1. I hear you, sir, on third strike as I tried to voice about uncertainties. Even if the third strike pilots arrived on target, some may think, “Hell with the fuel dumps. I see a battleship!” From what I read on Japanese websites focusing on Yamamoto, they say he was livid Nagumo did not heed Genda’s and Fuchida’s advice (while Spruance heeded Browning’s,, I believe). You also know from your expertise that Yamamoto had factored in losing two carriers as well as pilots and aircraft; but it appears Yamamoto was extremely upset Nagumo did not command and launch the third wave been given his clear orders before leaving Japan. As Yamamoto said to Nagumo after his return, “Prepare for the next battle.”

      1. Couldn’t have been too mad at him as he remained in command. Today we take for granted that Japan pulled off the PH attack, but at the time it was considered pretty amazing, and I can’t fault Nagumo for not wanting to press his luck.

      2. Yamamoto – even as revered as he was – could not remove or demote Nagumo by ordering it. His placement was under the authority – for the lack of a better English translation – the “personnel office” of the navy. That’s the way it was. However, through indirect finagling, Yamamoto went about strongly in the Japanese way to communicate facts to the office. In November 1942, Yamamoto got his wishes granted. Nagumo was demoted then put out to pasture – he was removed from operational command and put in charge of the Sasebo Naval Base. For Nagumo, it was a severe disgrace.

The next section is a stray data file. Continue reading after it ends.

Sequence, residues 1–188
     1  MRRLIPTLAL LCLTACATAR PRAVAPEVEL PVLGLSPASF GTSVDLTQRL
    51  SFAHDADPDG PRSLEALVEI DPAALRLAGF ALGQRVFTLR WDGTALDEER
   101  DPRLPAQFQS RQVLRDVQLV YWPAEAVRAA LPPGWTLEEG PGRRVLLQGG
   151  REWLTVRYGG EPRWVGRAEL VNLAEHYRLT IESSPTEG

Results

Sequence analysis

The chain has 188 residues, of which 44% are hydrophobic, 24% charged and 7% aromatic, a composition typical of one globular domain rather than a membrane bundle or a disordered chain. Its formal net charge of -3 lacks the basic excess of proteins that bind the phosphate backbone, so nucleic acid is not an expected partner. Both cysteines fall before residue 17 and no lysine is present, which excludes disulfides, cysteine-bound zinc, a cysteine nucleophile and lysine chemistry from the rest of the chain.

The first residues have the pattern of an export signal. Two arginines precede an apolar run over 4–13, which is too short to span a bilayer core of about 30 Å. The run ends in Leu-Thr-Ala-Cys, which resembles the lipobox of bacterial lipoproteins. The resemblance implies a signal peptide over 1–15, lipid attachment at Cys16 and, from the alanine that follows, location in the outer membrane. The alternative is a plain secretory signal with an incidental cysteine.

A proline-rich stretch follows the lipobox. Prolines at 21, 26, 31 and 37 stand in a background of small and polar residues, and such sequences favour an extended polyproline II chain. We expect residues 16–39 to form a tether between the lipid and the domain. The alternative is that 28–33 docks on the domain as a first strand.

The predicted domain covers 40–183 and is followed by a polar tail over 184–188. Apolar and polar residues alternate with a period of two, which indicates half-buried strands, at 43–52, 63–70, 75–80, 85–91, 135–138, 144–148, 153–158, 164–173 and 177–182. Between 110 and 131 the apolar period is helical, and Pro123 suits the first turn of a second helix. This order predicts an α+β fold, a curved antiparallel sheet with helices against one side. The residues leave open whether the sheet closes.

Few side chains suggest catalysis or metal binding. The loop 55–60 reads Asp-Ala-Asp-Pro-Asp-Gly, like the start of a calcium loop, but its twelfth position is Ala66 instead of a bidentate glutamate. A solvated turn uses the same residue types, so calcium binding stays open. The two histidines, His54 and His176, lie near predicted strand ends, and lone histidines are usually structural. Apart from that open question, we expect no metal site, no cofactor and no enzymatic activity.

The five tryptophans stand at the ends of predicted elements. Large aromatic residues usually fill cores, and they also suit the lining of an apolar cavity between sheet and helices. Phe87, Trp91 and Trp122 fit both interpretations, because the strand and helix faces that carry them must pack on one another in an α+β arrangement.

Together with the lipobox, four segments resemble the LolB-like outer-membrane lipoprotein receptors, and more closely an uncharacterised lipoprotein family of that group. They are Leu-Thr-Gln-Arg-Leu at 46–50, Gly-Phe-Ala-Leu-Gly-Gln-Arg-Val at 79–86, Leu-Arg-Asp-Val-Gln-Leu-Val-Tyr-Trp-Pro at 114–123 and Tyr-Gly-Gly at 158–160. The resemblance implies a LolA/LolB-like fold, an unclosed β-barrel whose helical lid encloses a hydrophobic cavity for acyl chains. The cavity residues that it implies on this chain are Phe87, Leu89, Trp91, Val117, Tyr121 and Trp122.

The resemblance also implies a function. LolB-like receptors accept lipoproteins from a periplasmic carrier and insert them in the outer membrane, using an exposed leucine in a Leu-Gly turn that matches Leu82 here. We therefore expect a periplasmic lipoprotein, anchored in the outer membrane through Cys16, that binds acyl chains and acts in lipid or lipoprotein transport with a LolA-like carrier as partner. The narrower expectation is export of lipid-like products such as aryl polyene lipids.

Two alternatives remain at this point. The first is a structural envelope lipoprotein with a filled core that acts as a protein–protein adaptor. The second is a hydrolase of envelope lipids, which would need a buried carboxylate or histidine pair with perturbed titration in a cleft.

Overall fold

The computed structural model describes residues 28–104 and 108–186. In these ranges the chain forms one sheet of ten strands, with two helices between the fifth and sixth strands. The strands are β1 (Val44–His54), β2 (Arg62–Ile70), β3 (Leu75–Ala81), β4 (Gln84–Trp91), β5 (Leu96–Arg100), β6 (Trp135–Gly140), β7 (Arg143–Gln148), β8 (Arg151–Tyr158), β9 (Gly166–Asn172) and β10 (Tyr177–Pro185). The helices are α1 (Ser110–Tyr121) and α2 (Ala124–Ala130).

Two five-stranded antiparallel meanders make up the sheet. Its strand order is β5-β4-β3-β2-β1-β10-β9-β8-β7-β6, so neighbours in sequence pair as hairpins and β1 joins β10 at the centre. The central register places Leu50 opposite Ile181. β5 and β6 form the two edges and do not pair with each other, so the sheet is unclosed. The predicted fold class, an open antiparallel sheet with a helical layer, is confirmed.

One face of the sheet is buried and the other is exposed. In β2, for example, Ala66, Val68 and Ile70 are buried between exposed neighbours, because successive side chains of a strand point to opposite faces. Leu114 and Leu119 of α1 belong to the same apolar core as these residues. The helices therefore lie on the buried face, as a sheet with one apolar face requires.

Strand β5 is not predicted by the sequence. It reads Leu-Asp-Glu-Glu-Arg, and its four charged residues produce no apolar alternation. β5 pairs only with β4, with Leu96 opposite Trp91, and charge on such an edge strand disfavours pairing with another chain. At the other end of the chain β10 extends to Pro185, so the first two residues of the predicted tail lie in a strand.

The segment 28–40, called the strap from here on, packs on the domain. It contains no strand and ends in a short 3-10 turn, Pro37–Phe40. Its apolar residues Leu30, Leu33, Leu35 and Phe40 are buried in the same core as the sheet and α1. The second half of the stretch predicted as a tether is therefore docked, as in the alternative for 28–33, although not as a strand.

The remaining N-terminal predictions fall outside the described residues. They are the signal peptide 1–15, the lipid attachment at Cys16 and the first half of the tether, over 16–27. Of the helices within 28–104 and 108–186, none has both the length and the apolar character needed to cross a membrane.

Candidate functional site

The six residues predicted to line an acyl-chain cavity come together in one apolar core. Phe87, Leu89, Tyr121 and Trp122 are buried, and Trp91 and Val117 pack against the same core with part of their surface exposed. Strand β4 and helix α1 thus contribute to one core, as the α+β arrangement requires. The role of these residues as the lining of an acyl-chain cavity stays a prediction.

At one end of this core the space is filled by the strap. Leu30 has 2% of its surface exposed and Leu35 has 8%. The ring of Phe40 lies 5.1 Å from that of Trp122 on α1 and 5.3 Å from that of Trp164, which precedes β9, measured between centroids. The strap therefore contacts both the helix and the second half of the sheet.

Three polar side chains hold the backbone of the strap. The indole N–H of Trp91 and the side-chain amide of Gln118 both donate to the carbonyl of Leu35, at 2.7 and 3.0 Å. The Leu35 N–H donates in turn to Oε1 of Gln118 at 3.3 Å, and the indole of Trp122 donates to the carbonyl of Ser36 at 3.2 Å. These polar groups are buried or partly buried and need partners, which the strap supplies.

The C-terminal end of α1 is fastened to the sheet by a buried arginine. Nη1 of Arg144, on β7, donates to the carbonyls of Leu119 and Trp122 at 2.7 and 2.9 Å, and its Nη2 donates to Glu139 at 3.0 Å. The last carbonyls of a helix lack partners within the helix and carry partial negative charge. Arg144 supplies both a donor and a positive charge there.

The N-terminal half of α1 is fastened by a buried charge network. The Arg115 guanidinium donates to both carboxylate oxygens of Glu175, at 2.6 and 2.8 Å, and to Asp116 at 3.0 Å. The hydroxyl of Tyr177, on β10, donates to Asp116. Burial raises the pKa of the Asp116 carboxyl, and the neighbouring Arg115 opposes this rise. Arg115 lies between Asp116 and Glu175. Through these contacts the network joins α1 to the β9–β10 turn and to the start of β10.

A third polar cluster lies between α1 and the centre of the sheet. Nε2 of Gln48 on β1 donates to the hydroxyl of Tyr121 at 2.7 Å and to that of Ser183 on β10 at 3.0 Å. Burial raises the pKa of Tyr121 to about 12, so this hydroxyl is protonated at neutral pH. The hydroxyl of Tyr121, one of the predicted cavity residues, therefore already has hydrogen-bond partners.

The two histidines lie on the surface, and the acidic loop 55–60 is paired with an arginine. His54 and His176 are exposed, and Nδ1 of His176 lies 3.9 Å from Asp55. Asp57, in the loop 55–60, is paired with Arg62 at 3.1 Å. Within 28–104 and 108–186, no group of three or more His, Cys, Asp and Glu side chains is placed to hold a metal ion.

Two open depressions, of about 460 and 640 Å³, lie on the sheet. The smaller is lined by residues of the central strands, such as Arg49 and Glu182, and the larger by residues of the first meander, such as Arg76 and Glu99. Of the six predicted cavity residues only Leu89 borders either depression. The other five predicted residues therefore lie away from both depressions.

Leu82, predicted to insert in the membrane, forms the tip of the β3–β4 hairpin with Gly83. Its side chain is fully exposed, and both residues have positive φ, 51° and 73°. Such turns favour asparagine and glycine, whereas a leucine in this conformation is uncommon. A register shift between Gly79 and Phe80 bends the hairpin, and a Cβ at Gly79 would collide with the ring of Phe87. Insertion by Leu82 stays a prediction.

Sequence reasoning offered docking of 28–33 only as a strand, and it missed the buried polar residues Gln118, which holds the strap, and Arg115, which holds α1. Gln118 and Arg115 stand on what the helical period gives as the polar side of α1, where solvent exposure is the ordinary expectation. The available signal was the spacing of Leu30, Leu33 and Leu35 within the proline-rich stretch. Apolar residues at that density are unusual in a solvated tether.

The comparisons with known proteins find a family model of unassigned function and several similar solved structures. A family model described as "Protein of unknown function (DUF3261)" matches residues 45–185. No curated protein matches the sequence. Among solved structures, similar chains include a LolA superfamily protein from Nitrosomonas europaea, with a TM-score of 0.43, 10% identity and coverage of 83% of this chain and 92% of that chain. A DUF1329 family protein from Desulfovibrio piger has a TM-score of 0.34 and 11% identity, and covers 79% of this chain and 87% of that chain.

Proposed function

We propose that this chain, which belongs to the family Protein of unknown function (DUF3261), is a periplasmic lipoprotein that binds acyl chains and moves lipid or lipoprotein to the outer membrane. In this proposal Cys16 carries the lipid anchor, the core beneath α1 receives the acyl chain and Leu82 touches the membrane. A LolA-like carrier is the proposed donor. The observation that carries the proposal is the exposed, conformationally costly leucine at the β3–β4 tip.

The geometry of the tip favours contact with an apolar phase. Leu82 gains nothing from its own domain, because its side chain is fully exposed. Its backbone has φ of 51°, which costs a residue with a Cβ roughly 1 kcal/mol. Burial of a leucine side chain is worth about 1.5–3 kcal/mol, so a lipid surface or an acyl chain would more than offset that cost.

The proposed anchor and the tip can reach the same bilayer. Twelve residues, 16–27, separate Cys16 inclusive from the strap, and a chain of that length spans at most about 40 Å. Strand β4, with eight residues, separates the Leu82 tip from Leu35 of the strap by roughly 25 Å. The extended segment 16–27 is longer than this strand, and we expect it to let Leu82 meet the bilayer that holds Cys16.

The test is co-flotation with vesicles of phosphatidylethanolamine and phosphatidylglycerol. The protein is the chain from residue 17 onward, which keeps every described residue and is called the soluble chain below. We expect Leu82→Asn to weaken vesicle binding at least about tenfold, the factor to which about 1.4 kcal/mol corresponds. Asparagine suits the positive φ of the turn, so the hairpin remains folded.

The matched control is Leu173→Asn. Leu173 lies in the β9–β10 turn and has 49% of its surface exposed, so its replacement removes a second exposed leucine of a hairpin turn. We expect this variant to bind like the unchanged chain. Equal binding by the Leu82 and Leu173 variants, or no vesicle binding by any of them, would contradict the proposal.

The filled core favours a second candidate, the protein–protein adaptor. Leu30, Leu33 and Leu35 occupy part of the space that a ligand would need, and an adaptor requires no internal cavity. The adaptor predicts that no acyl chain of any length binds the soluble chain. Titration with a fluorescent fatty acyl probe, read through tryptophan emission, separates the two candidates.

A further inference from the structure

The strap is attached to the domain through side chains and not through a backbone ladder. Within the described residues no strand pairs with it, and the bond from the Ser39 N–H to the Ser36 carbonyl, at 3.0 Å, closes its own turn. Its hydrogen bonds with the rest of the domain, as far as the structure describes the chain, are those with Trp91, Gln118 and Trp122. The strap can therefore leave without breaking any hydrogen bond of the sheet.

4. Hello Mustang. I just recently stumbled across your blog. I am sorry to hear of the suffering the war caused your family on both sides. I will be spending more time reading other things you have covered.j

    1. Thank you for stopping by, Sir… but no need to feel sorry. The entire world felt the pains of WWII. Young men end up dying because selfish politicians with their agendas end up making decisions causing war.

      1. Hello again Koji. I am still wandering around your blog and I am amazed at the depth of information that you have included. I am also amazed that you can write with no sign of the animosity that I would have if our positions were reversed.